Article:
Publisher: Delacorte Books for Young Readers
Pages: 368 (Hardcover)
When plain and unpopular Annie Nutter gets zapped by one of her dad’s whacked-out inventions, she lands in a parallel universe where her life becomes picture-perfect. Now she’s Ayla Monroe, daughter of the same mother but a different father—and she’s the gorgeous, rich queen bee of her high school.
In this universe, Ayla lives in glitzy Miami instead of dreary Pittsburgh and has beaucoup bucks, courtesy of her billionaire—if usually absent—father. Her friends hit the clubs, party backstage at concerts, and take risks that are exhilirating . . . and illegal. Here she’s got a date to lose her V-card with the hottest guy she’s ever seen.
But on the inside, Ayla is still Annie.
So when she’s offered the chance to leave the dream life and head home to Pittsburgh, will she take it?
The choice isn’t as simple as you think.
Don’t You Wish easily becomes one of my favorite contemporary books that I will never forget. I like it when a book exceeds my expectations. Seriously, I didn’t think that possible. I thought that this was gonna be another common contemporary that maybe I could like, but certainly wouldn’t make it to my favorite list. Well, I was wrong. TOTALLY WRONG.
I love everything about this book. The story somehow reminds me of Before I Fall, except I definitely wasn’t bored. The writing is simple, but it managed to hook me and make me interested in it from the beginning. I love the way Annie brings change to Ayla’s life. Surely popularity and perfection have their prices ― the message that Roxanne St. Claire tries to deliver is clear and it got me right in the heart.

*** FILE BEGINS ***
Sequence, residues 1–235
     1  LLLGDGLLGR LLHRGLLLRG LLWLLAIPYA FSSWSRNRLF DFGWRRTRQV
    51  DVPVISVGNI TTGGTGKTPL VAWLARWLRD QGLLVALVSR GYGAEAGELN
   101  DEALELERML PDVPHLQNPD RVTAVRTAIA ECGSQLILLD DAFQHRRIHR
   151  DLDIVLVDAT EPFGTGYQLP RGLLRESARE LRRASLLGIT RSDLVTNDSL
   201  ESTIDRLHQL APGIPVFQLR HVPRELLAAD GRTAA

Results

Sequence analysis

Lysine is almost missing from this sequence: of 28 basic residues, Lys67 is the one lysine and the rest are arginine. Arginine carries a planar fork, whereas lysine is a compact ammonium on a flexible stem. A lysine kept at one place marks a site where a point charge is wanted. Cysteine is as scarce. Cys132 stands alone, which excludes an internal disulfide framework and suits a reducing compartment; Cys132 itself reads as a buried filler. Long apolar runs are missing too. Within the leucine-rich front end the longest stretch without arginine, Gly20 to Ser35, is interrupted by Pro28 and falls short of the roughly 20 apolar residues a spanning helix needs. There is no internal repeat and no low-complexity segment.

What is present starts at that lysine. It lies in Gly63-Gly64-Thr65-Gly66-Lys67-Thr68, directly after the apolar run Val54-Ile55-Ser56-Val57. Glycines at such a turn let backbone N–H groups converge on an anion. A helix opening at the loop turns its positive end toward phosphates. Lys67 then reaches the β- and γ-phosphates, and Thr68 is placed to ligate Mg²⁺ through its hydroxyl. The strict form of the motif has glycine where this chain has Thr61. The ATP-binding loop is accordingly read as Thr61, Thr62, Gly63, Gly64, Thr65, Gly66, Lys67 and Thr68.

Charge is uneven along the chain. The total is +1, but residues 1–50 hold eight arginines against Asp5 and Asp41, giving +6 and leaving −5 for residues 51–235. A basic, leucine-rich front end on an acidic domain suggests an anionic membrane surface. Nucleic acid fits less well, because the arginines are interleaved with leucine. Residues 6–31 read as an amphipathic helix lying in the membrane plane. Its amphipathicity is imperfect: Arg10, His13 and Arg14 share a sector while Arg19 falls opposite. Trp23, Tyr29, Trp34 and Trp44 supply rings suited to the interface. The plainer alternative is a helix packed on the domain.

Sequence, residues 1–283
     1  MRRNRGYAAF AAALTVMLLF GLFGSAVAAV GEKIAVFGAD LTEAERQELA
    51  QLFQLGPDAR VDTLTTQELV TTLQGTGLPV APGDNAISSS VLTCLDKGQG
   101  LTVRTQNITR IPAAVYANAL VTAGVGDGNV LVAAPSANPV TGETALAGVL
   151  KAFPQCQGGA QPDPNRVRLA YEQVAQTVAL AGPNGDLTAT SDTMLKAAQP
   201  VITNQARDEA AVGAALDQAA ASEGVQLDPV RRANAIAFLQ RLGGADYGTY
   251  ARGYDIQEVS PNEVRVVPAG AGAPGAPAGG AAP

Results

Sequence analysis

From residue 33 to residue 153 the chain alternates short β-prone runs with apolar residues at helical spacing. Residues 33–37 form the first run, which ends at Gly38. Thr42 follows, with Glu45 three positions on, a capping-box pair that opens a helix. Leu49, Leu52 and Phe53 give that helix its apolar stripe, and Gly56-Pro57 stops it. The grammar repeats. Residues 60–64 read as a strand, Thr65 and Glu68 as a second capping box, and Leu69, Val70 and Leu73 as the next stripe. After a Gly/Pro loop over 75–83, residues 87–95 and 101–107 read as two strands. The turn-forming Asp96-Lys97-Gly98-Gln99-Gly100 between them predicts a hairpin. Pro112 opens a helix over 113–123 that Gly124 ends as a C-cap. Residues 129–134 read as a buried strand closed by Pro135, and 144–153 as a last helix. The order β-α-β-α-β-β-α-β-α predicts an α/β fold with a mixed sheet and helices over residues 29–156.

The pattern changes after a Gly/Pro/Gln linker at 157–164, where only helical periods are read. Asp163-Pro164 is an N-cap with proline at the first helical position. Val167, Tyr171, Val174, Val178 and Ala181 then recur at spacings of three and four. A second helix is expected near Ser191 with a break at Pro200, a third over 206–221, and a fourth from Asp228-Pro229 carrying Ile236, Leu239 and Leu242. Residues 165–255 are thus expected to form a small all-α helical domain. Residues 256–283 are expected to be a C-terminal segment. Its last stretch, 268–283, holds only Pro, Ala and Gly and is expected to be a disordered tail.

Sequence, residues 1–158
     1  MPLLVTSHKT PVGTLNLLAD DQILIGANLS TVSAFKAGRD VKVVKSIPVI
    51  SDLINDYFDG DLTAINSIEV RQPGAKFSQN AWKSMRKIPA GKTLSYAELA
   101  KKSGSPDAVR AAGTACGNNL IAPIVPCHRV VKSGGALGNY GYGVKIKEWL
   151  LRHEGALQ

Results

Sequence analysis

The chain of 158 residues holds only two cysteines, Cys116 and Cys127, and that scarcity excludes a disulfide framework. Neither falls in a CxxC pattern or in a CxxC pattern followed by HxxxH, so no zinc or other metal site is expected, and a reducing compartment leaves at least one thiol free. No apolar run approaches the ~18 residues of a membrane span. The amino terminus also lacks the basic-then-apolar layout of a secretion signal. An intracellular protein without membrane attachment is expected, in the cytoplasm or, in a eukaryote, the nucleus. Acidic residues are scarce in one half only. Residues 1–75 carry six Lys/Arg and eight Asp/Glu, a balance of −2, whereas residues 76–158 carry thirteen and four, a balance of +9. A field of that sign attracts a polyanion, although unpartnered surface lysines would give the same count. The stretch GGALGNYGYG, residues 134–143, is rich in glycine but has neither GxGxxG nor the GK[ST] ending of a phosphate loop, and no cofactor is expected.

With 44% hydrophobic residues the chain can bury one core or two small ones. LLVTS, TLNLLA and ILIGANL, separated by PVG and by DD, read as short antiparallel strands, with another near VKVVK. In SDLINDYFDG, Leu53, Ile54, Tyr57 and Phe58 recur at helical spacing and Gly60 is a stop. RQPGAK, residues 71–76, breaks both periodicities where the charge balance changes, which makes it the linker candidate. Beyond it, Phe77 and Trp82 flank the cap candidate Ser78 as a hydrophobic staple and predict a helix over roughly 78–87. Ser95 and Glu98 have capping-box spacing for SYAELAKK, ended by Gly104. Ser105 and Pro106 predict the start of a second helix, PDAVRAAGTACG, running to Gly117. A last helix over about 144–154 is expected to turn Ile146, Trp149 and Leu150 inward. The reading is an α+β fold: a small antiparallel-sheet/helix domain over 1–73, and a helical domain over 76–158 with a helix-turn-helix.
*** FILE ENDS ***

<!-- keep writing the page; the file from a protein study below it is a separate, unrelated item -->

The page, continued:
Despite the fact that she’s stuck in Ayla’s life (which she has been craving for), Annie stays true to herself. I found myself relating to her easily – regretting my decisions, wishing something hadn’t happened. But when she has the chance to live a luxurious life full of popularity and money yet also fake friends and wrecked family, she realizes that “this life” is not as perfect as it seems. I adore her and what I learned from her is: be grateful for anything in your life even though it’s not flawless, because you never know that it’s perfect until you lose it.
And there’s this sweet, sweet guy named Charlie who helps Annie to realize that the inside is always more important that the outside. I really love this guy. He’s an outcast and used to be homeless, but he cares a lot about his family, especially his wheel-chaired sister.
Don’t You Wish is an amazing read and well-written, with valuable messages and perfect ending. Remember, be careful what you wish for…